Not so long ago, not only was the patient not informed (s)he had cancer (the family was called aside) but the news of the disease was also received as a death sentence. Not today, where many types of cancer have become chronic health conditions rather than critical ones. Two upcoming webinars announced on sciencemag will announce new approaches.
The first is Cancer Immunology: Charting the course forward for immune-profiling on April 1, in which the speakers will be Dr. Bernard A. Fox, from Providence Portland Medical Center, Portland, Oregon, USA and Clifford Hoyt, of PerkinElmer Inc., Hopkinton, MA, USA.
The webinar well focus on how numerous factors interplay making each case of cancer unique for each individual, as cells react in different ways, interacting with others in the same body. The webinar will point out that these interactions can ensure the survival of cells and will point out that even cells affected by cancer are influenced by the medium in which they are inserted.
Sciencemag's current issue states that "associations of cancer cells with the normal peritumoral microenvironment can profoundly impact tumor growth and development".
The webinar will also show how new technologies and approaches to cancer treatment allow effects on the interaction of cells with cancerous cells/tumors and associations between tumor cells and the body's immune system.
Biomarkers are beginning to be used for targeted drug therapy in which the tumor is targeted and destroyed while the tissue surrounding it remains intact. The webinar will focus on how improved patient stratification can be brought to the fore to enhance clinical trials and new treatment protocols.
The main points raided will therefore be immune profiling using FFPE tissue sections, the development of biomarkers and the latest technologies and approaches for IHC methods and measuring cellular interaction.
The second webinar on April 16 also available on Sciencemag online is "New technologies for translational research: Applying high-content screening in cancer research and personalized medicine", speakers Dr. Rune Linding, University of Copenhagen, Denmark and Dr. Stefan Kubicek, Austrian Academy of Sciences, Vienna, Austria.
This webinar will also focus on novel techniques and therapies, following up how bioscreening methods have been developing, and recent developments in imaging technology have aided high-content screening (HCS).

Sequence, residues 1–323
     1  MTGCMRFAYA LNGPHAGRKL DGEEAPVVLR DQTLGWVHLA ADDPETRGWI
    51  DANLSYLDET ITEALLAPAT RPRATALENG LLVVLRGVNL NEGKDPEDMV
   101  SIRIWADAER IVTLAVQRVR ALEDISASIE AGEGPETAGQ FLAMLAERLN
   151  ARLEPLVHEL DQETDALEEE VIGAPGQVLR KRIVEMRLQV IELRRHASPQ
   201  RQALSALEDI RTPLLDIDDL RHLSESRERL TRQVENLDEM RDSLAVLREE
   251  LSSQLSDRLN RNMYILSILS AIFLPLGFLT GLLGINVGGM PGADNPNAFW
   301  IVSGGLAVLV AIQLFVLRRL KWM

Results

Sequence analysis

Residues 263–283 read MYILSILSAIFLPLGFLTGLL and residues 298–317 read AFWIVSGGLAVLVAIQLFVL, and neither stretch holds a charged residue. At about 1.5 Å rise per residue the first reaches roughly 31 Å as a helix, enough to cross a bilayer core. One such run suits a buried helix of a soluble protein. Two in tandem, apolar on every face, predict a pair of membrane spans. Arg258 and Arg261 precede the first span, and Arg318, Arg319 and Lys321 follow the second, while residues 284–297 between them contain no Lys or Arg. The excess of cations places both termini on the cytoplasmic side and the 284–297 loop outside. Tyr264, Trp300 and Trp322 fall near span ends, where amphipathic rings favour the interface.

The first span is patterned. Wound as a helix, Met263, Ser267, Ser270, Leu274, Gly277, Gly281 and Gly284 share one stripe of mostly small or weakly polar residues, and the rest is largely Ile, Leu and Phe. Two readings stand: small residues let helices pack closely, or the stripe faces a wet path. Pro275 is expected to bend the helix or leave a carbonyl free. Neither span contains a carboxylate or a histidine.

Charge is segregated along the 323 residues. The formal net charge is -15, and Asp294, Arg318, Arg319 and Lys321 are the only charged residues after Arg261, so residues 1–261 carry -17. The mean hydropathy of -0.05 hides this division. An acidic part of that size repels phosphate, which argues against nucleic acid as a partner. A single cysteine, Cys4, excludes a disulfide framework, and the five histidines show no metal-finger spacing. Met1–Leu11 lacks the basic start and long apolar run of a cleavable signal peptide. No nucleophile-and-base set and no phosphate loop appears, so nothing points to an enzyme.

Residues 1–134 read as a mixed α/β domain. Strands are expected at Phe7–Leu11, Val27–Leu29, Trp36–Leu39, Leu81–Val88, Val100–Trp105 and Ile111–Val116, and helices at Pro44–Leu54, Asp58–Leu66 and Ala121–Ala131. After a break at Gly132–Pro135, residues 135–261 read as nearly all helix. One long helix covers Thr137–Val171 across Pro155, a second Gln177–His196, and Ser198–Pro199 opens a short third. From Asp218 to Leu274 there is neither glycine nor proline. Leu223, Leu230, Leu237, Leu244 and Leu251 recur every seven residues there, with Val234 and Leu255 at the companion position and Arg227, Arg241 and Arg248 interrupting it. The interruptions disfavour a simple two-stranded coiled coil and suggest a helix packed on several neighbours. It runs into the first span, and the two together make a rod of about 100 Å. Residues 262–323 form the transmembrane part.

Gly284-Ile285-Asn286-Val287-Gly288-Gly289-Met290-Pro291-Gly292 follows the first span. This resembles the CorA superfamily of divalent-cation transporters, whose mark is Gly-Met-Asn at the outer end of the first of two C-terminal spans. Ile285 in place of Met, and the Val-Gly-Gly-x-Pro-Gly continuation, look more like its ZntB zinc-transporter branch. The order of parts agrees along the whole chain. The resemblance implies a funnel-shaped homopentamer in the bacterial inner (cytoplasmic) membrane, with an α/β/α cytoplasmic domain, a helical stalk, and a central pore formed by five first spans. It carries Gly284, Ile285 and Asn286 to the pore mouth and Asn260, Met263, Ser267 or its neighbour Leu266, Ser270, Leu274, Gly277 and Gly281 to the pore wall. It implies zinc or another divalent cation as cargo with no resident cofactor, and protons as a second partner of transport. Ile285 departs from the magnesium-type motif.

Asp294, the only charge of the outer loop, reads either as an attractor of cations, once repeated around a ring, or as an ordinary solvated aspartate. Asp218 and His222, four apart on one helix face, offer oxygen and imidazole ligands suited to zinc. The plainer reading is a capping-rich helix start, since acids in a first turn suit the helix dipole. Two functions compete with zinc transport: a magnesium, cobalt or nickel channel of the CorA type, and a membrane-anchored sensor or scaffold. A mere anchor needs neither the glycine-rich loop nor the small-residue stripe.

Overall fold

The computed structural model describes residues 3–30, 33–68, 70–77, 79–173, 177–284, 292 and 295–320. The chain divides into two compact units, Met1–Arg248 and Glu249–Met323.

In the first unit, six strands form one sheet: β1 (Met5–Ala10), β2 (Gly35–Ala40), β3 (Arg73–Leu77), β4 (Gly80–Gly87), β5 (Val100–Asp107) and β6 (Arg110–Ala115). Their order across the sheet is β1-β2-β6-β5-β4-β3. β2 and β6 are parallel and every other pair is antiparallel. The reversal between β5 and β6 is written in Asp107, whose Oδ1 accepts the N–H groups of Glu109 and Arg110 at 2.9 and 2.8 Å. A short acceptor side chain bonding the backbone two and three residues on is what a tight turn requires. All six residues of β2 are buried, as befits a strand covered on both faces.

This webinar will focus on HCS technologies and increase awareness of deep learning in cancer research
*Timothy Bancroft-Hinchey has worked as a correspondent, journalist, deputy editor, editor, chief editor, director, project manager, executive director, partner and owner of printed and online daily, weekly, monthly and yearly publications, TV stations and media groups printed, aired and distributed in Angola, Brazil, Cape Verde, East Timor, Guinea-Bissau, Portugal, Mozambique and São Tomé and Principe Isles; the Russian Foreign Ministry publication Dialog and the Cuban Foreign Ministry Official Publications. He has spent the last two decades in humanitarian projects, connecting communities, working to document and catalog disappearing languages, cultures, traditions, working to network with the LGBT communities helping to set up shelters for abused or frightened victims and as Media Partner with UN Women, working to foster the UN Women project to fight against gender violence and to strive for an end to sexism, racism and homophobia. He is also a Media Partner of Humane Society International, fighting for animal rights.
The discovery of the submarine has unveiled a few "inconsistencies." For example, how can one explain the fact that the sub was found where it needed to be searched for from the start?
When on a state visit to Singapore, Russian President Vladimir Putin promised to revisit the discussion of the 1956 Declaration between the USSR and Japan regarding the issue of the peace treaty with Japan
The TurkStream, which runs along the bottom of the Black Sea from Russia's Anapa to Turkey, will consist of two lines, each with a capacity of 15.75 billion cubic meters of gas a year